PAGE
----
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Michael Jackson, IP, and Culture

So first I must admit I am not a huge fan of Michael Jackson. What? Yes. No! I’m afraid so. That being said, for all the oddity that occurred in the later part of his life the man and his work highlight some interesting points in IP and culture. Thriller is the best selling album of all time. In other words, he may have been the pinnacle of the old music industry model (selling 1 million copies a week is probably impossible today). In addition, Mr. Jackson’s videos are often credited as breaking the color barrier on MTV. That shift opened the door to many other artists being able to reach the MTV audience. He also combined different genres such as funk, pop, disco, soul, and R&B to achieve a unique sound that influenced many artists and audiences around the world. In short, one may want to dig into all the full range of his work from the Jackson Five era and his solo career. There promises to be forgotten or less listened to gems merely because Thriller was such a dominant album. For me the album and song Off the Wall (which I reference in Information Privacy when teaching Kyllo) is a great example of pre-Thriller excellent work. Last, the mashups and parodies inspired by Mr. Jackson are rather good too. Examples of Fred Astaire meets Michael Jackson which works quite well (hat tip John Scalzi) and Weird Al are below the fold.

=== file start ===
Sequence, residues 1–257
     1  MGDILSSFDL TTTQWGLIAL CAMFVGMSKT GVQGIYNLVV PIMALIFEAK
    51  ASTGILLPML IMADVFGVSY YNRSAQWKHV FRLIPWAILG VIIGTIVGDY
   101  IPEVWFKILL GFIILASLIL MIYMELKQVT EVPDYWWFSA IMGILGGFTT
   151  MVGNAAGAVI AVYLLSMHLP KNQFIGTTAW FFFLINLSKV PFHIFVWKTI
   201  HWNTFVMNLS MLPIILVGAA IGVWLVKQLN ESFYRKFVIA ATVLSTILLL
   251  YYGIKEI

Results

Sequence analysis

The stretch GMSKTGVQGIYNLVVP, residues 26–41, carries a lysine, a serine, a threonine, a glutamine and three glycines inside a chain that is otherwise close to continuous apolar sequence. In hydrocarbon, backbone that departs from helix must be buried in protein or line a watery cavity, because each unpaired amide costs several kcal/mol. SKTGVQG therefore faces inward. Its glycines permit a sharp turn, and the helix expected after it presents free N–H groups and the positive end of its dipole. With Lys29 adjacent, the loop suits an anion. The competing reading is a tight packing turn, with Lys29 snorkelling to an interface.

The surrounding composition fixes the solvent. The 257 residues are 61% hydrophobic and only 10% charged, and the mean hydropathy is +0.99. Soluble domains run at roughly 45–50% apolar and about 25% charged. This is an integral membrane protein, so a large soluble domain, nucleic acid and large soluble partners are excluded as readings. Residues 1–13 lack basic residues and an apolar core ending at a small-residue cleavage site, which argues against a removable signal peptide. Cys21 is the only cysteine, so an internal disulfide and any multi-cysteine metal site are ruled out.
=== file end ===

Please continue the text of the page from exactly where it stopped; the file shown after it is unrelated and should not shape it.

Here is the link for Off The Wall.

And while we are at it check out Don’t Stop ‘Til You Get Enough to see the early moves and seeds of the Thriller-man to come.

The YouTube video for Eat It is here (embed disabled) which is unfortunate and foolish but I recommend watching it.

2 thoughts on “Michael Jackson, IP, and Culture”

  1. Don’t forget his ownership of ATV Music and control of the Beatles catalog — and the fact that Jackson’s share of what is now the ATV/Sony joint venture are security for a huge loan. It’s MJ as business owner and investor, rather than MJ as artist, that is likely to have a more lasting impact on copyright law. Depending on how that loan gets worked out via Jackson’s estate or otherwise, the separation of copyright ownership from creative authorship, which gives the law its distinctive cast, may get much, much more complicated.

  2. At least I have company. Although I’m less respectful…


    And I fully concur with Professor Madison’s analysis; Jackson’s ownership interest in the Beatles catalog was indirectly tied up in the twenty-year-long absence of the good version of The Lathe of Heaven… which was arguably behind the production of “bad art” by the SciFi channel, as I doubt that the awful remake would have been attempted had the earlier PBS production received the wide and enduring distribution it deserved.

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